Inching Closer to the Highest Score

Wondering what will be the perfect score for you to get into that dream college?

After going through the above scoring process, curious about what is the average score required for college admissions?

According to the recent college board statistics, nearly 2.2 million students appeared for SAT, and approximately 7% of them, that is 153,892 students, had a composite score between 1400 – 1600. From the percentile statistics, less than 1% of SAT appearers that is fewer than 22,000 students scored between 1550 – 1600. Inferences from 2019 SAT results, the approximate average SAT score was 1059 out of 1600, in which the average score for the Math section was 528 and the average score for the Evidence-Based Reading and Writing section was 531. So a good score conclusively can be the one that places you in the top half of students who appear for the test.

With these statistics, getting the perfect score is undoubtedly rare but it ain’t impossible. You know you deserve to be in the top half and here are some techniques based on the scoring guide to beat the odds and get the highest possible score on SAT.

  • The first and foremost thing is to not miss questions. To be able to inch closer to the highest score it is imperative to bag a perfect 800 in each section.
  • For the Math section being the most scoring one, all 58 questions need to be correct to reach the perfect raw score of 800.
  • For the reading section, out of 52, only 1 question could be afforded to be wrong. For the writing section, again all 40 questions need to be correct to get you closer to the highest score.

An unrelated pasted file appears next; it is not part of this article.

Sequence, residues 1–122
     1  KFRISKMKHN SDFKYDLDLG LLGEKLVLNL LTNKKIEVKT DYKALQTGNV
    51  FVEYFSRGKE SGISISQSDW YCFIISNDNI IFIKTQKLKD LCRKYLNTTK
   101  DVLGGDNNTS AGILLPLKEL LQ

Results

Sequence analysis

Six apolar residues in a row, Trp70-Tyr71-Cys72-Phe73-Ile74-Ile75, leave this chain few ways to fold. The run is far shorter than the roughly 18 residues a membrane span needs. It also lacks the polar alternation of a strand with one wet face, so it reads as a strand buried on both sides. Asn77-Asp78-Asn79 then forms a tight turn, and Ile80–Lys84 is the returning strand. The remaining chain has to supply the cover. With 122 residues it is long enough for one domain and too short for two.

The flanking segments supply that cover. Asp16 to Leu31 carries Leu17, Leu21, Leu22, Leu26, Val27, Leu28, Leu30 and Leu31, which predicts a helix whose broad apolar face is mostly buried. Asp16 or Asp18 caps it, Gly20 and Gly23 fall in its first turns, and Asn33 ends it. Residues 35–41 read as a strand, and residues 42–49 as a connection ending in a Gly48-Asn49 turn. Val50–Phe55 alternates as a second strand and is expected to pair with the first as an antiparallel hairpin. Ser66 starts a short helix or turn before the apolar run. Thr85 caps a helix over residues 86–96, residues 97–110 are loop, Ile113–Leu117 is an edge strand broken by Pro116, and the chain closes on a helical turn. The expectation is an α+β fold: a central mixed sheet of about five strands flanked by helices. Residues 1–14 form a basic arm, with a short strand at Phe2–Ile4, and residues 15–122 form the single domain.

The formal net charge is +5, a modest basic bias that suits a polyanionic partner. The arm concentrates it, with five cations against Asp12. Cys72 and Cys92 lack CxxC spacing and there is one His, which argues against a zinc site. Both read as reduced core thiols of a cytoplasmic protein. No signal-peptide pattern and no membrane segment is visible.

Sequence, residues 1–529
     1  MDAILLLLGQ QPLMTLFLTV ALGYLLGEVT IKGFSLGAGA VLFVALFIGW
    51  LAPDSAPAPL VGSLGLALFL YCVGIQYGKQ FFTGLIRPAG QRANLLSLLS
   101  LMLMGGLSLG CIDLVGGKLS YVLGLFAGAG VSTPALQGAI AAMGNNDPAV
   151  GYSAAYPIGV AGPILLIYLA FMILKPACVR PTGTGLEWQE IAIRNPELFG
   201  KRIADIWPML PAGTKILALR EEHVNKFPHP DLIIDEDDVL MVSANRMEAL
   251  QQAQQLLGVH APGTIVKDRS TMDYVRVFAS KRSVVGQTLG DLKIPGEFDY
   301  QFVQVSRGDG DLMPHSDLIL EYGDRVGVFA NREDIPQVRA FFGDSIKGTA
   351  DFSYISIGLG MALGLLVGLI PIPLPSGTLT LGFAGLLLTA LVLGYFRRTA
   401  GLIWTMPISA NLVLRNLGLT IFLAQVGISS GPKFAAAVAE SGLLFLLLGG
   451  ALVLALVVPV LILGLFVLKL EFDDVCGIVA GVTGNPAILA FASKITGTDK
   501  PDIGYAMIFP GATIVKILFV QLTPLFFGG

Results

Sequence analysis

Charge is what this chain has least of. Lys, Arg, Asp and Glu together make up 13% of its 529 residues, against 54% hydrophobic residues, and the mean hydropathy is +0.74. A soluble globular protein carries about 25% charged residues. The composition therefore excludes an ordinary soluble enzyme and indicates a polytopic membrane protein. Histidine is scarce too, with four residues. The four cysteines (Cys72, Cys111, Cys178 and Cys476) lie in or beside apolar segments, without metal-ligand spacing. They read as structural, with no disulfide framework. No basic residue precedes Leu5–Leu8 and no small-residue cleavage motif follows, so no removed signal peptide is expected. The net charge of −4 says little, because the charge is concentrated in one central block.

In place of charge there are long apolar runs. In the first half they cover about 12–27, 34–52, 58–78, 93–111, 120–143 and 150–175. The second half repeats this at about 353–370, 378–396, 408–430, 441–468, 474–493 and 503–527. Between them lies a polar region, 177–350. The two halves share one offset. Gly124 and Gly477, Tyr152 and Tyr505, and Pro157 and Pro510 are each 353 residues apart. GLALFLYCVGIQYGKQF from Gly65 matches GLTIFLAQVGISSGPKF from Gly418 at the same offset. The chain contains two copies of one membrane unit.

• The essay is optional so don’t commit most of your time to it but don’t completely brush it off either.
  • Develop a strategic approach for the reading and writing section and for the math section, identify the areas you are missing, and practice them well.
  • With the help of regular practice, inculcate a habit of developing targeted raw scores.
  • Make the most use of facts about no penalty for wrong questions.

Magnify Your Prep and Enhance Your Performance

  • Develop a strategic and consistent prep plan and organized study schedules.
  • Aiming for perfection. Aim for the highest score and get all questions correct to reach near it.
  • Regularly solve SAT practice and mock tests to keep a recorded track of your process.
  • Delineate the correct study guides and rich resources to prepare from.
  • Develop a strategy for approaching questions.
  • Avoid and eliminate careless mistakes.
  • Be acquainted with the major grammatical rules.
  • Understand your weaknesses and strengths, figure out patterns of your mistakes and transform them into your success.
  • Analyze your performance in the regular practice tests, reflect on the areas you can work upon, note them down and track your performance in those aspects with each step ahead.
  • Double-check the answer before bubbling in.
  • Read the instructions carefully and underline important parts of the question.
  • Make quality your priority before working on quantity.

Conclusively, remember that with a consistent study plan, the right strategy, persistent efforts, determined goal, and regular practice along with analysis of your performance, attaining the highest score on SAT is possible. Even with the feasible score, do not put a lot of pressure on yourself as SAT score does boost your college application but along with it the admission committees also consider other aspects of your college application.

Gear up your preparations in the right direction and you are all set to achieve the perfect score on the SAT!